More than twenty million Italians took the decision to leave what they knew to head to the unknown. Let’s take the number of Marche’s inhabitants to understand the scale of this phenomenon: around 700 thousand people abandoned this region, predominantly made of small towns and inhabited by relatively few people (its population is around 1,5 million today). The main reason they decided to leave was the need to find a job to maintain entire families. Sometimes, only one member of the family was able to embark on the journey; in other cases, everyone moved to country of destination. In the event that only some family members emigrated, they would send part of their earnings to Italy (the money received was called rimessa) and manage to compensate thus for the lack of work in the homeland.

A cardboard suitcase and little else

The imaginary of the destination of their journeys (United States, Canada, Argentina, Venezuela, Brazil, Australia, just to name the most common ones) was created by the commercials they saw in posters, leaflets, postcards: what they expected to find was a world full of possibilities and opportunities.

Those who desired to emigrate could obtain their permit by receiving the letter of some relative who was already there or of an employer, who used to pay the one-way ticket. This latter was quite expensive and not easy to pay back, though. That’s why many Italians took the decision to travel as clandestines.

The two principal ports from where the ships left were Genova and Napoli. A cardboard suitcase which contained the few things they owned (be it some clothes or something to eat) was all they could afford to take with them in a journey that lasted a month or more. Not everybody made it to their destination: a common risk was, for example, falling ill during the trip which meant, in the worst cases, being thrown overboard to avoid the contamination of the other passengers.

Once arrived at their destination things weren’t easy either: work was hard, the new country was less idyllic than they had imagined and the family was far away. Many learnt to write in order to send letters home to keep their contacts alive. Pictures of food and feasts were sent to reassure those who were at home of the wealth that expected them once they had the possibility to reach their family.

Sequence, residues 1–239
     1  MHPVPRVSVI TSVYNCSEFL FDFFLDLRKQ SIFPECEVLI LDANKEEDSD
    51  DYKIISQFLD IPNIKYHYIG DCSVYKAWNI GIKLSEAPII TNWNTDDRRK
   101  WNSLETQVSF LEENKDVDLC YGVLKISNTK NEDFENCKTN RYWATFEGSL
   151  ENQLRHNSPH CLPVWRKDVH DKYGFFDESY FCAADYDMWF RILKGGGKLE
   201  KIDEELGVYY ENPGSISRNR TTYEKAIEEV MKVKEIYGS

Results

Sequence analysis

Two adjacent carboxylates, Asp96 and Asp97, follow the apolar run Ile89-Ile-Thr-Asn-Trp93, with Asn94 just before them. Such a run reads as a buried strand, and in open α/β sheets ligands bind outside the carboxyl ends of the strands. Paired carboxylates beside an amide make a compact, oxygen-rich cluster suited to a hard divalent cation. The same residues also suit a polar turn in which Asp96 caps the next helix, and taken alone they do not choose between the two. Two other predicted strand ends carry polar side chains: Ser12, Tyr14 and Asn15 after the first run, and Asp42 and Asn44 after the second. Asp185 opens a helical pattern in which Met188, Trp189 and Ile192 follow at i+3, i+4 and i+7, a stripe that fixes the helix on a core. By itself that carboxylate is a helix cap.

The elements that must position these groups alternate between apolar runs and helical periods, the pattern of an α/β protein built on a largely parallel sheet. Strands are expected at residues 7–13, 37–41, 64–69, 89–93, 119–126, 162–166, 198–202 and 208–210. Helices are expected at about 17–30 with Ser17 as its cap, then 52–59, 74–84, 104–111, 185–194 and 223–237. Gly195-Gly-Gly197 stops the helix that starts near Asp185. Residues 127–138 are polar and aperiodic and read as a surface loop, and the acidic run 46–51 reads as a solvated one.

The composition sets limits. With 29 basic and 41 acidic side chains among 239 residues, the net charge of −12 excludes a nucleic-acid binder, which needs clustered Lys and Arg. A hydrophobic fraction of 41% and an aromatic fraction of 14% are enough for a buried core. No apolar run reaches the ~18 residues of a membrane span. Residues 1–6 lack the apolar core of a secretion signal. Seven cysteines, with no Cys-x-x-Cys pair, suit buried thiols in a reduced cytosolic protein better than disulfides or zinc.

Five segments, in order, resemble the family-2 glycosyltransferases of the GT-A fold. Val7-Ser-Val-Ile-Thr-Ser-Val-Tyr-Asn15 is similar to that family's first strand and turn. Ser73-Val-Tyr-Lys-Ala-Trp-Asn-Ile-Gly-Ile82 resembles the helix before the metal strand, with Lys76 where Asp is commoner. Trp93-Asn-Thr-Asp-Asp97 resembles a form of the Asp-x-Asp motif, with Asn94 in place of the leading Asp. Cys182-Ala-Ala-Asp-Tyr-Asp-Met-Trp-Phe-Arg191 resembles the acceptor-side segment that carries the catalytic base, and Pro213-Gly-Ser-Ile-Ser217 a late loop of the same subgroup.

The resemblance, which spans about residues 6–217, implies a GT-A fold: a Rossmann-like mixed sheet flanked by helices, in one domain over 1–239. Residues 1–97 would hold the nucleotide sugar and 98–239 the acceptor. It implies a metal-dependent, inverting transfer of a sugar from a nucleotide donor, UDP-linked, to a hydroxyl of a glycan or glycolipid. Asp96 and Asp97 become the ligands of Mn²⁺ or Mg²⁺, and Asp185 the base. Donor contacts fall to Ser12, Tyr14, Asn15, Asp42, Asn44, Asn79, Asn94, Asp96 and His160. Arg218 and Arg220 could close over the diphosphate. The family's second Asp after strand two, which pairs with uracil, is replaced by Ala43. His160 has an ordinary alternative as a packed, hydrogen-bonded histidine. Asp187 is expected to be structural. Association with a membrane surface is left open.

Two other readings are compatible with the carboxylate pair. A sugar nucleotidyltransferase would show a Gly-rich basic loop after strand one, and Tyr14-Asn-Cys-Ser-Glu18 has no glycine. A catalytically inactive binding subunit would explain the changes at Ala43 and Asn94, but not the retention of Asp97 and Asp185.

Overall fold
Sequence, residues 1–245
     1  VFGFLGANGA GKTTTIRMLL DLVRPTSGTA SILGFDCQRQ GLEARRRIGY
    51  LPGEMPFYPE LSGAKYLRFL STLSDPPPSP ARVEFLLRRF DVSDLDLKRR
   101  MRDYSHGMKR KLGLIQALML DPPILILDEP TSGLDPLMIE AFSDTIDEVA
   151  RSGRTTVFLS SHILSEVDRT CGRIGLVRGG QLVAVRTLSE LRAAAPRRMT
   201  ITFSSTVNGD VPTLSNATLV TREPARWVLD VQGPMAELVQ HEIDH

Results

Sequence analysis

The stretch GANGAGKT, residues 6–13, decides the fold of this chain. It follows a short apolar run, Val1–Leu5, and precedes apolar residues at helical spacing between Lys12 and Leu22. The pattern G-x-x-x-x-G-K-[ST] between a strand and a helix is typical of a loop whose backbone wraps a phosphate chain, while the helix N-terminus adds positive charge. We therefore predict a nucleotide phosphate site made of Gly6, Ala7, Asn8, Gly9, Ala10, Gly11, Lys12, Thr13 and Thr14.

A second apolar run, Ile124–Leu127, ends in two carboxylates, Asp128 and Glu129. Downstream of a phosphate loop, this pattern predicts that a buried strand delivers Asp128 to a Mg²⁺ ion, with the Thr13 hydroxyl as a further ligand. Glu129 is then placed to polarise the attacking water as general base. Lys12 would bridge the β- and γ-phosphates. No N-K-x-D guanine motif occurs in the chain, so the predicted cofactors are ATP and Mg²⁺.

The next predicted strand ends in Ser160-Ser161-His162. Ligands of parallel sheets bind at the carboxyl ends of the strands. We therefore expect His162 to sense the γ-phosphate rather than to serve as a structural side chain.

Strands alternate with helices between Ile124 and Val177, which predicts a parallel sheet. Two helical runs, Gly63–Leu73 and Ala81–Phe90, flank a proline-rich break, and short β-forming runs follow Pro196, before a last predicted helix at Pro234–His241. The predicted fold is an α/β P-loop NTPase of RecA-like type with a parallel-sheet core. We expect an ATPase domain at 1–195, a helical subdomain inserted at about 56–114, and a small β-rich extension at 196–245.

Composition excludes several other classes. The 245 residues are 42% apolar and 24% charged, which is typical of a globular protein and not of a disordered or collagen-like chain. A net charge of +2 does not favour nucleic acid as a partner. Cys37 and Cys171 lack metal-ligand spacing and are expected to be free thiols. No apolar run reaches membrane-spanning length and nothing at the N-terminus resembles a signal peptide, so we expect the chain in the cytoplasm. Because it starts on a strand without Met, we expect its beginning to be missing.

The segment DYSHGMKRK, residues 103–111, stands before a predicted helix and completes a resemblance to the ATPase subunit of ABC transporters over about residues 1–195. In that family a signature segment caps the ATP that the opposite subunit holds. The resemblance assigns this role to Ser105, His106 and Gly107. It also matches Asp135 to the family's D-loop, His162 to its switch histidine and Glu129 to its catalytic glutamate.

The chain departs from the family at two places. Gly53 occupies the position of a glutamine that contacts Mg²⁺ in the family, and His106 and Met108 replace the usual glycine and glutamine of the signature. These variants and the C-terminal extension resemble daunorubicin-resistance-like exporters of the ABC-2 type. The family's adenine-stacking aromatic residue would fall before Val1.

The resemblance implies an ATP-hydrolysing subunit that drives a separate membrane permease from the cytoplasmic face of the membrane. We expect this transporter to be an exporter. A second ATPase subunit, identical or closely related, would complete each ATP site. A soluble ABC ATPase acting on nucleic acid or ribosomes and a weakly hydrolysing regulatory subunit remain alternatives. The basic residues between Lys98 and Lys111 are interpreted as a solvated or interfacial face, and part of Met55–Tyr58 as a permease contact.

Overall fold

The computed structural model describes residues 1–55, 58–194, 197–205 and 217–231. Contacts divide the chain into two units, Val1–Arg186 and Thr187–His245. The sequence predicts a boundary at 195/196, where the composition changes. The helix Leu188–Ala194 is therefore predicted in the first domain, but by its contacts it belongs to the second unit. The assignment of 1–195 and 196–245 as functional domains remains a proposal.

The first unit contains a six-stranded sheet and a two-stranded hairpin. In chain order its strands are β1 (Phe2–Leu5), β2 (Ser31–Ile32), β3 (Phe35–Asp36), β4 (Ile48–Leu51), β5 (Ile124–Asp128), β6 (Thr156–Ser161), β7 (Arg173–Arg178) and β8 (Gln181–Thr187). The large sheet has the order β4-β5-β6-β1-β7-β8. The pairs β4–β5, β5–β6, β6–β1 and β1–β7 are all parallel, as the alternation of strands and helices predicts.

Italians are citizens of the world

At the end of the museum tour, a big touchscreen monitor is at the disposal of the visitors to do their own research: a website, ciseionline.it, makes it possible to find those who emigrated. By writing the surname of the person we’re looking for, we can see when, from where and at what age they had to leave. If we’re not lucky and we cannot find this person among those who registered at the departure, we can consult Ellis Island’s website, Castle Garden’s, or the Centro de Estudios Migratorios Latinoamericanos, which registered all those who arrived.

It can be said that we Italians are citizens of the world: this means that we cannot be blind to the needs and sufferings of others, those who are experiencing today what our own ancestors lived before them. Safeguarding our culture and our values is licit, but it is also essential to respect others and be open to understanding and sympathy. All things considered, we are all just passing through one, single earth.

Photos by Stefano Ciocchetti. Courtesy of Società Cooperativa Sistema Museo